28 ounces of canned diced tomatoes, pureed in a blender
1/2 tsp cinnamon
1/2 tsp nutmeg
1/4 tsp allspice
1/4-1/2 tsp cayenne pepper
1 1/2 tsp salt (or to taste)
handful of fresh flat leafed parsley
fresh oregano, about 1 tbsp chopped
Some honey (optional)
6 tbsp butter
1/2 cup flour
2 1/2 cups milk
1 bay leaf
1/2 cup ricotta cheese
1/2 cup goat cheese
1/4 tsp nutmeg
1/4 cup Parmesan cheese (reserved for sprinkling on top)
1/2 tsp salt (or to taste)
Slice the eggplants length wise and sprinkle each piece with a little salt and let them sit for 15 – 20 minutes.
In the meantime heat a medium-sized sauce pan with 2 tbsp of olive oil and saute onion, bell pepper, garlic and ginger together. When vegetables are tender add in meat and begin cooking until no longer pink. Add in cinnamon, allspice, nutmeg, cayenne pepper and salt and cook for 2-3 minutes. Add in tomato paste and wine and mix to incorporate. Let it simmer for 4-5 minutes until all the wine has evaporated. Add in the pureed tomatoes and let it simmer gently to let the flavors marry and some of the liquid evaporate, about 10-15 minutes. Add in parsley, oregano and a couple of tablespoons of honey (if needed to balance out the acid of the tomatoes) before taking off the heat.
Using a paper towel soak up all the excess water off the eggplants (the salt should have drawn that out). Brush lightly with about 4 tbsp olive oil and grill on a hot grill (or you can roast them in a 375° oven for about 20 minutes) about 2 minutes on each side or until nice and tender.
Prepare the Bechamel sauce:
In a medium sauce pan heat the butter. Using a rubber spatula or whisk mix in the flour and keep stirring until it’s a light golden brown color and the flour flavor is gone. Slowly add in the milk and the bay leaf. Cook for 2-3 minutes, stirring constantly, until the mixture thickens. Add in the ricotta and goat cheese, nutmeg and salt. Turn off heat and stir until all the cheese is melted and nicely incorporated. Take out the bay leaf.
Spray with cooking spray a deep 9 x 13 pan. Layer the bottom with half of the eggplants. Put half of the meat mixture on top and spread evenly. Cover the meat mixture with the remaining eggplants and put the rest of the meat mixture on top. Pour the Bechamel sauce on top of the meat mixture and spread smoothly. Sprinkle the top with the Parmesan cheese and a sprinkle of nutmeg. Put completed Moussaka on a cookie sheet to catch any bubble ups and bake for 40 minutes in a pre-heated 400° oven. Serve warm.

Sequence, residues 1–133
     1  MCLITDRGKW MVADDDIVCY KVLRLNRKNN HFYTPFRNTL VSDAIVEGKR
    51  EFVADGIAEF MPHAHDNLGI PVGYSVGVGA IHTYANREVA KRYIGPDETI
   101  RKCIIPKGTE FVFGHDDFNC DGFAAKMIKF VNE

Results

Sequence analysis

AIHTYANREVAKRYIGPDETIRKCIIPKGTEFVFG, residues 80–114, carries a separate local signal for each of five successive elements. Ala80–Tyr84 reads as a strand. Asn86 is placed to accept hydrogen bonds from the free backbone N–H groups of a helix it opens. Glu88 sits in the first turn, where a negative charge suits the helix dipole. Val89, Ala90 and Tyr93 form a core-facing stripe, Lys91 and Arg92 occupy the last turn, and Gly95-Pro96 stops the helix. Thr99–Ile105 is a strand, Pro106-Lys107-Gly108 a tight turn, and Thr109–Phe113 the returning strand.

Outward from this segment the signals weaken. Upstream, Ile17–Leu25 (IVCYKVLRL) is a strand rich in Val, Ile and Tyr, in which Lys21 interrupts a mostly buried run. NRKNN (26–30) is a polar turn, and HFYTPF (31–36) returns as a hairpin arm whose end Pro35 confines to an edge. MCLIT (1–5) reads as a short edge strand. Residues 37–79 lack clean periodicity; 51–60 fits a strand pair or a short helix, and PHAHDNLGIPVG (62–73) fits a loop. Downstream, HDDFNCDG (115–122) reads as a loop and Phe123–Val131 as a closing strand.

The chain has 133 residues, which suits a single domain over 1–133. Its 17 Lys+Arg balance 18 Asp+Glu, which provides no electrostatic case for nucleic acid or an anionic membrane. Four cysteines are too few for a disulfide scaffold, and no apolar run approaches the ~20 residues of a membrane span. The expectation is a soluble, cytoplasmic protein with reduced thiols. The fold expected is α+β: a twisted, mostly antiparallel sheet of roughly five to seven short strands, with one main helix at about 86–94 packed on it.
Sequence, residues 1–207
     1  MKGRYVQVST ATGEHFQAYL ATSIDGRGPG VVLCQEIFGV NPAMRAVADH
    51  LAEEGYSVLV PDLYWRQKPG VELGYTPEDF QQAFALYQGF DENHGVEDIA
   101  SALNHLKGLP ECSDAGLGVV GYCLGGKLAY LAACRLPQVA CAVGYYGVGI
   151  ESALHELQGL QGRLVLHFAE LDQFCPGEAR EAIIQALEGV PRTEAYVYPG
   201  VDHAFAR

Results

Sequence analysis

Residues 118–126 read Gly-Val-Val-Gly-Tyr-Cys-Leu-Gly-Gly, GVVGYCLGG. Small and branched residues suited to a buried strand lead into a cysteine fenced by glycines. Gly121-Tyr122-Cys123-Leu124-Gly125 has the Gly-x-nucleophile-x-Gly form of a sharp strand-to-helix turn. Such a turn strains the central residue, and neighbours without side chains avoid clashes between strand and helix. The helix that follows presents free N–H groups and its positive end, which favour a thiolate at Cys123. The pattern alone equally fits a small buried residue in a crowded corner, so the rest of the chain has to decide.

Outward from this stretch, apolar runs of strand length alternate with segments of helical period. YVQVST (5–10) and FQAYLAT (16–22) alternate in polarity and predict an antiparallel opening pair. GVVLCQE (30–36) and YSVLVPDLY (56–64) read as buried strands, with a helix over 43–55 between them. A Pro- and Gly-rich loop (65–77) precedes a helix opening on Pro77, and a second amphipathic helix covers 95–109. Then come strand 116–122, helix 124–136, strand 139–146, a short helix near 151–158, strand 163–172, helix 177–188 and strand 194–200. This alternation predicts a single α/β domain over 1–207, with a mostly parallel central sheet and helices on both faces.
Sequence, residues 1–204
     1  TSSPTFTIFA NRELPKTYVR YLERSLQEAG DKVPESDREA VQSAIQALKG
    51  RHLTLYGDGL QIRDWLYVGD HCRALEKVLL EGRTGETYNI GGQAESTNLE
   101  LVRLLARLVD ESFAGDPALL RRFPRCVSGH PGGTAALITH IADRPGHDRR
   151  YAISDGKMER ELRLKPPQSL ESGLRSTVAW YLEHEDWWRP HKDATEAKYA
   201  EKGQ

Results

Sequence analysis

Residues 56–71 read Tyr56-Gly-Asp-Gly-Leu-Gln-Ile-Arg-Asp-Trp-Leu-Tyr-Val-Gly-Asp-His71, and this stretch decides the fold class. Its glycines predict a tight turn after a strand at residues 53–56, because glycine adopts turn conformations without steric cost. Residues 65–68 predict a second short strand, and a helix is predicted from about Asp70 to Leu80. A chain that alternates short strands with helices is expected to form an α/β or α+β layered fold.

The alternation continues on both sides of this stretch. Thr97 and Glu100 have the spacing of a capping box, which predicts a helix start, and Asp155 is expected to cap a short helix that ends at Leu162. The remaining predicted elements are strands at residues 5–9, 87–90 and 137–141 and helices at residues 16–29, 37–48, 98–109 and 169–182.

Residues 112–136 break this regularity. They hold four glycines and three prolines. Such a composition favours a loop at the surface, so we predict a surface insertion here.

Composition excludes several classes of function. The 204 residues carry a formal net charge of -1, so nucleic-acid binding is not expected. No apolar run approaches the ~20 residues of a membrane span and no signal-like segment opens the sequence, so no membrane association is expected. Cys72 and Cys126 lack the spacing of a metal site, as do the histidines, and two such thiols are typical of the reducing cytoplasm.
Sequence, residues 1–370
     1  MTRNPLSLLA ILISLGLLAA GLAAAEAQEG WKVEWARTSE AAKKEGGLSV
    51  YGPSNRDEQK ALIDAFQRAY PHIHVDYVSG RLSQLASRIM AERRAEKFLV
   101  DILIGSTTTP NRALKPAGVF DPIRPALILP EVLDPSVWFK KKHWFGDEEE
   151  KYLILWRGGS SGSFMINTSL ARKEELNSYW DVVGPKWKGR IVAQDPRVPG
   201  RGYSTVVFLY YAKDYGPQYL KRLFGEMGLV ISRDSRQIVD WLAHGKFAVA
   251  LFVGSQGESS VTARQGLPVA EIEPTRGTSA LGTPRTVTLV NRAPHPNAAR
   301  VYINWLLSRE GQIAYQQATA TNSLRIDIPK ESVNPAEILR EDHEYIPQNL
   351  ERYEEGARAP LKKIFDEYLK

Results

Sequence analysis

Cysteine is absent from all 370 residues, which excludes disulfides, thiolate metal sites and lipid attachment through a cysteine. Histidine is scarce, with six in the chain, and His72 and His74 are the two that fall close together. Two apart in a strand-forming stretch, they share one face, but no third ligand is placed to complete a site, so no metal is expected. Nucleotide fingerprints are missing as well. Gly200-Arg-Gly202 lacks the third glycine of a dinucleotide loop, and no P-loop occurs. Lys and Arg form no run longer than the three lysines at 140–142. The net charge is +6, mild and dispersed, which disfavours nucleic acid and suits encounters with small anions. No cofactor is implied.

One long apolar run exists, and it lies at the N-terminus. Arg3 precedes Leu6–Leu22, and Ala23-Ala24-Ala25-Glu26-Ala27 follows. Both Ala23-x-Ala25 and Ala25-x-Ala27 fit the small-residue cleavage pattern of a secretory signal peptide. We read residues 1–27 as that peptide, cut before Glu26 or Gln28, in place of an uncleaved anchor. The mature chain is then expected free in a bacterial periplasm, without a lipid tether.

When I am tired and hungry, I am sorry to say I get a little cranky (my family would say a lot cranky). We had a really long week and last night all I wanted to do was relax and hangout, maybe even go to bed early…..but I was hungry. I was not going to eat cereal or a salad. I wanted something warm and delicious and someone else to maybe cook it for me or bring it to me and maybe fan me whilst I ate. Yeah, that wasn’t going to happen. Since I didn’t feel like chopping a bunch of stuff and I had some Quinoa on hand, I decided to make a Kitchuri out of it. Kitchuri is a pretty traditional Bengali dish and I blogged about it a few weeks ago. I wanted to make an even easier version out of Quinoa. Because Quinoa is technically a seed and not a grain, it contains a lot of protein and that meant I could be even lazier and not have to make something else to go with it to make it into a complete protein. If you want to learn all about Quinoa, check out one of my favorite dietitian bloggers, Nadia and her latest post here.
The only chopping I had to do was 2 tablespoons of Cilantro. I could handle that. It was tasty, it was quick and it was delicious. Wins my vote for the relief of crankiness!
Here’s the recipe:
1 cup Quinoa (I used the brown and not the red)
2 cups water
1/2 tsp kosher salt
1/2 tsp cumin seeds
1/2 tsp black mustard seed